Building Community Trust
Denise Gray-Felder, president and chief executive officer of the Communication for Social Change (CFSC) Consortium, also echoed the need to focus on leadership and stated that a consistent and trusted spokesperson, such as Anthony Fauci in the United States, has been an important asset in ensuring ongoing, open communication. However, she called for further efforts to establish a trusted leader in smaller communities in the United States and worldwide. Such an individual must come from the community, nationality, and background of the people that they are trying to reach, Gray-Felder and Nyenswah said. Gray-Felder explained that individuals who are distrustful of scientific information and do not have a scientific background are much more likely to believe information from a person they know than from a distant public health official. As an example, she said that the role of church leaders has been especially important during COVID-19 in North America and Europe. Nowak agreed with Gray-Felder in that community leaders should be representative of the population, adding that it would be useful to sometimes pick leaders who live in a predominantly vaccine-hesitant community; these would be great influencers if officials could get them to endorse vaccines, something that is not always easy to achieve. Similarly, Cecchini explained that AIRA has used the support of lo-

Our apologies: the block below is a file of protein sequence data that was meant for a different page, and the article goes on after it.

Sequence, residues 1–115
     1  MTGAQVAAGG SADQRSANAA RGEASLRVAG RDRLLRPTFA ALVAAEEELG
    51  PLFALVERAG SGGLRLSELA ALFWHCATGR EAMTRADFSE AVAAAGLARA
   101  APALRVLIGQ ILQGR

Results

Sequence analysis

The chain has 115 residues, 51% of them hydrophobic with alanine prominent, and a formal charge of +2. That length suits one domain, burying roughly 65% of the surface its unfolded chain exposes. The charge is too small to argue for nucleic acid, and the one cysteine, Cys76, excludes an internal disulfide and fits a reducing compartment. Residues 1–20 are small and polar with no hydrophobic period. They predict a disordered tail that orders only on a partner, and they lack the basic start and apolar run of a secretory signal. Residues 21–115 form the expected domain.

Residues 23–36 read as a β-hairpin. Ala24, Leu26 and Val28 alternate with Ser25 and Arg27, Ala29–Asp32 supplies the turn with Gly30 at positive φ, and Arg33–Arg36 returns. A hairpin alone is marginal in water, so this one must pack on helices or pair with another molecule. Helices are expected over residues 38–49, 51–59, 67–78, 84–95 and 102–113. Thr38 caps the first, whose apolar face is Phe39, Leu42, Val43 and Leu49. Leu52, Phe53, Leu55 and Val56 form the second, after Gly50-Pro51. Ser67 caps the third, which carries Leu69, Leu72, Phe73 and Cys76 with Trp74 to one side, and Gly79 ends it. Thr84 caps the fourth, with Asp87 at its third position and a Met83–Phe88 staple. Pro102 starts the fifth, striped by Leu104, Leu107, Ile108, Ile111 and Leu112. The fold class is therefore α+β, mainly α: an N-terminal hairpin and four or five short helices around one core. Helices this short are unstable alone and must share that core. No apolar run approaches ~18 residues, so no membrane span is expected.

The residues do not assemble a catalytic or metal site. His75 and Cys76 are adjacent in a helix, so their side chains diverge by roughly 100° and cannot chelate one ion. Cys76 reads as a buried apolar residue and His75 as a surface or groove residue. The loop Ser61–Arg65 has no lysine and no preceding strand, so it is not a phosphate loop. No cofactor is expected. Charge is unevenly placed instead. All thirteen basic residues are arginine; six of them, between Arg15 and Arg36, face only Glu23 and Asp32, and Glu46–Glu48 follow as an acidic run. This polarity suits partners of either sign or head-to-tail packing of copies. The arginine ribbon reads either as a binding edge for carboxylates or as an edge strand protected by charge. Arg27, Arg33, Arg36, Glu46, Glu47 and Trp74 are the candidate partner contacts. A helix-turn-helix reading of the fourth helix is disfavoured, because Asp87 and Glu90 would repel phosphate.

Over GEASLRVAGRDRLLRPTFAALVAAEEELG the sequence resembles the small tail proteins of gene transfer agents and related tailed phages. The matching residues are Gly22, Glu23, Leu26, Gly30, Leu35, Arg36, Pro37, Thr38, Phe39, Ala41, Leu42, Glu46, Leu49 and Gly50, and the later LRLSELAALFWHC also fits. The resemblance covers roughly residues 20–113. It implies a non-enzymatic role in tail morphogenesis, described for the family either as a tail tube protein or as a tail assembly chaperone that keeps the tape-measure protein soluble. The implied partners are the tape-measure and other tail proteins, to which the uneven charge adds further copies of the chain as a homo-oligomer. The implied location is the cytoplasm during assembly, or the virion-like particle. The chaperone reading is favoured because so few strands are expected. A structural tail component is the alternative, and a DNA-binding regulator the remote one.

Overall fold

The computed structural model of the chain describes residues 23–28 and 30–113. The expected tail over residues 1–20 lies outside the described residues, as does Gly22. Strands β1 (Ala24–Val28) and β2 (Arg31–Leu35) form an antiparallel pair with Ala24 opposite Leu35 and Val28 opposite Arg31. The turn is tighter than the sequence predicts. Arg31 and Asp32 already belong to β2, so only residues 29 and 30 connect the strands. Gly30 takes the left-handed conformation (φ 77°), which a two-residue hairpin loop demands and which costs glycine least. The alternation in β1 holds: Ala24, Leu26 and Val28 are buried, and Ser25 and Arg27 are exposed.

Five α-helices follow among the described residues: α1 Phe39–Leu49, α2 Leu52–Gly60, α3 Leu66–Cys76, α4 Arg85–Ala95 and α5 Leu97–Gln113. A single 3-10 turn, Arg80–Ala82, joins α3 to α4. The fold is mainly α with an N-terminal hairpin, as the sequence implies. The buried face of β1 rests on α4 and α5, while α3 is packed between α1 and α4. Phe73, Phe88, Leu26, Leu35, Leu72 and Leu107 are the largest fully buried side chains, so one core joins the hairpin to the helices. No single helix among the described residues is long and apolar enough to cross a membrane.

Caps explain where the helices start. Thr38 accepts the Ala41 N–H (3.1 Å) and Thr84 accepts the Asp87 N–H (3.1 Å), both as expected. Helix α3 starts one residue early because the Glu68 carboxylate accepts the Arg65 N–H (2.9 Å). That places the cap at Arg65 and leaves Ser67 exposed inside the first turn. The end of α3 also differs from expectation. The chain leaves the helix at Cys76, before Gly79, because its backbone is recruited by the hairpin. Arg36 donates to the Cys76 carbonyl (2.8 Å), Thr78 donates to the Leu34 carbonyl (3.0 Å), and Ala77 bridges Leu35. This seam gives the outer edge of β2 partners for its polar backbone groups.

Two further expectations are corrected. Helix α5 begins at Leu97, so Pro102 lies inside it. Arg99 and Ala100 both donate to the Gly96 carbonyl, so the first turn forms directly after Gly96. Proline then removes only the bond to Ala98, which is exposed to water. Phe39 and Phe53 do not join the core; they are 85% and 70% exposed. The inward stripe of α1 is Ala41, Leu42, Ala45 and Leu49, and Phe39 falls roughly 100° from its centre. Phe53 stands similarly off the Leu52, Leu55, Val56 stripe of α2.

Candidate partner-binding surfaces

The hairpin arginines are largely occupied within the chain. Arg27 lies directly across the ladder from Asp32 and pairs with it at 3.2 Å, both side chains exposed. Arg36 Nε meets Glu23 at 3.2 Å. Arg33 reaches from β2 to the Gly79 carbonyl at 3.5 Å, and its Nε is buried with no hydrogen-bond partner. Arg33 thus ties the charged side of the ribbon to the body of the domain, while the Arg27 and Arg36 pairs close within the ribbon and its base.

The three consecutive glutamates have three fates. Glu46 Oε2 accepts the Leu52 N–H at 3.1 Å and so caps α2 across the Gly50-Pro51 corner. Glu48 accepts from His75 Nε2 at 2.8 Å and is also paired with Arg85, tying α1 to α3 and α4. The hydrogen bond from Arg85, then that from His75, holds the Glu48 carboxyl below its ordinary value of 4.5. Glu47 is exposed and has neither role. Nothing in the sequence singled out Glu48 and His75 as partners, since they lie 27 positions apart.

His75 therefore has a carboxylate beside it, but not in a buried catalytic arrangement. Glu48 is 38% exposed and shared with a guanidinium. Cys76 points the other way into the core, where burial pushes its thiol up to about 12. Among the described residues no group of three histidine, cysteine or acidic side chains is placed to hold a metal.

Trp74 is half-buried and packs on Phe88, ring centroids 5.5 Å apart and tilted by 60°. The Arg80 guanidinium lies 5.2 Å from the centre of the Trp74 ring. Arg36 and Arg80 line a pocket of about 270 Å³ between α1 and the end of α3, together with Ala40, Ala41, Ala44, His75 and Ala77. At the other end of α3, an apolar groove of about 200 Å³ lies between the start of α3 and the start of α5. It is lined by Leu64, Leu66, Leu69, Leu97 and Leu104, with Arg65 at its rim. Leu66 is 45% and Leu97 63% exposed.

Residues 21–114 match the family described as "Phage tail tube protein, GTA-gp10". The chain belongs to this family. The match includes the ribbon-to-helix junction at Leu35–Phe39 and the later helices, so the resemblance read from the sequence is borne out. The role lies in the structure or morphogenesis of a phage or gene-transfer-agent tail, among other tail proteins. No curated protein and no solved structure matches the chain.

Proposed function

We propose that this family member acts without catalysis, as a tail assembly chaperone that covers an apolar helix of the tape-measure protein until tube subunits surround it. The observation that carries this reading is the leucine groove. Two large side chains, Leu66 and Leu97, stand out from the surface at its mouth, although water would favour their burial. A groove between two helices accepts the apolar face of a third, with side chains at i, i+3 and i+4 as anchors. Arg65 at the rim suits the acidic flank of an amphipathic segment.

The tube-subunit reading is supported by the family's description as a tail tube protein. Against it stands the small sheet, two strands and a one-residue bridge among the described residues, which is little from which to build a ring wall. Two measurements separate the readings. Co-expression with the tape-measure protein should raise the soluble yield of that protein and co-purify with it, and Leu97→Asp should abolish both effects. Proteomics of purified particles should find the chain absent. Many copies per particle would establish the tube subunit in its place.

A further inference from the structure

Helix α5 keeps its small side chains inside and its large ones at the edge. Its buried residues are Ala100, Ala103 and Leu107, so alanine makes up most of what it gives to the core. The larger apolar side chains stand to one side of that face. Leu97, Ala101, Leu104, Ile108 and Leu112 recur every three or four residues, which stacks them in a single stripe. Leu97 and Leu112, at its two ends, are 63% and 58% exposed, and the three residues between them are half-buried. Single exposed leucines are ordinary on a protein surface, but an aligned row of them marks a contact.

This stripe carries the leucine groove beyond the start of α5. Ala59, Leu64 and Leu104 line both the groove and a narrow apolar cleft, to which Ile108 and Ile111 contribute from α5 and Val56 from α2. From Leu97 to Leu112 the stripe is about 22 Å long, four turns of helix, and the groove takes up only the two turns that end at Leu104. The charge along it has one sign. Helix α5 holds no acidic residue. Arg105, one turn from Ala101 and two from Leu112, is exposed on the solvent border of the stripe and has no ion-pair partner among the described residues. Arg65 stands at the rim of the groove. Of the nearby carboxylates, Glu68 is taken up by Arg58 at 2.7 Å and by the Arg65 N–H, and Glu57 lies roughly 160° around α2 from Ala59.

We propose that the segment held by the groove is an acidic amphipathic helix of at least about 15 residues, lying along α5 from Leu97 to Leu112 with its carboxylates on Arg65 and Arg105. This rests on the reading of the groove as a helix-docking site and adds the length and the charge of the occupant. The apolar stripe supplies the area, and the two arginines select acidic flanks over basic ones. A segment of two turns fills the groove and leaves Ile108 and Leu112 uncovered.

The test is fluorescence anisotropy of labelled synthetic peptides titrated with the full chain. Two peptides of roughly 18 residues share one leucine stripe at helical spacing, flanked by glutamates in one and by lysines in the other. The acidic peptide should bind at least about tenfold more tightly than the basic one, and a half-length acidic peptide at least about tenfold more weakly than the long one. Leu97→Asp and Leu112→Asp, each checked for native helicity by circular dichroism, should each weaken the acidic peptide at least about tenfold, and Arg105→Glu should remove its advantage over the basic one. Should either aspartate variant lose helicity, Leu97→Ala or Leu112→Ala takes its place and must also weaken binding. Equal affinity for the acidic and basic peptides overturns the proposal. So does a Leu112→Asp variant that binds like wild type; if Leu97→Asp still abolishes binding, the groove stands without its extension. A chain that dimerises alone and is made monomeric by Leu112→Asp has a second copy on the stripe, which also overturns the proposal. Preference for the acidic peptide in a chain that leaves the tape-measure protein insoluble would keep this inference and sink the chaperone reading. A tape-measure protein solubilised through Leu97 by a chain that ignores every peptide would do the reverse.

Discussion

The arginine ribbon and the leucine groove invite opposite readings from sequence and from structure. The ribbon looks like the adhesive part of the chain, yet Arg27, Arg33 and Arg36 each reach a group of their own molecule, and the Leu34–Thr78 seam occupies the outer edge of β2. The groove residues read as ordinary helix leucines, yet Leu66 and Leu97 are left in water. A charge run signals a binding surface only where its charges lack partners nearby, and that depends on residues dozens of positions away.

cal TikTok influencers to penetrate the social media space with visual images that increase health literacy.
Nowak also commented on leadership during an emergency, noting that prior to COVID-19, public health officials assumed that politicians will always take their recommendations on which health-oriented decisions to make, but this has not been the case. He called for public health professionals to better understand governmental choices and public health responses from a political perspective to achieve better collaboration. However, Guirguis clarified that trusted leaders who disseminate public health messages can be from different backgrounds, depending on the local community. She warned against generalizing that people trust primary health workers, or religious leaders, etc. Instead, she said, each local community is different and public health officials should understand the dynamics of each when disseminating health messages. Finally, Guirguis added that trust takes time to build up and leaders cannot suddenly emerge in an emergency. In fact, she explained, “trust is eroded when people you’ve never seen before, suddenly show up out of the blue and start giving you unsolicited advice about how you should make decisions that affect life and death.” This was seen during the 2014–2015 Ebola outbreaks and previous polio campaigns, she said. Instead, leaders and public health officials should make a sustained effort to engage with communities and build trust in advance, Bahri said.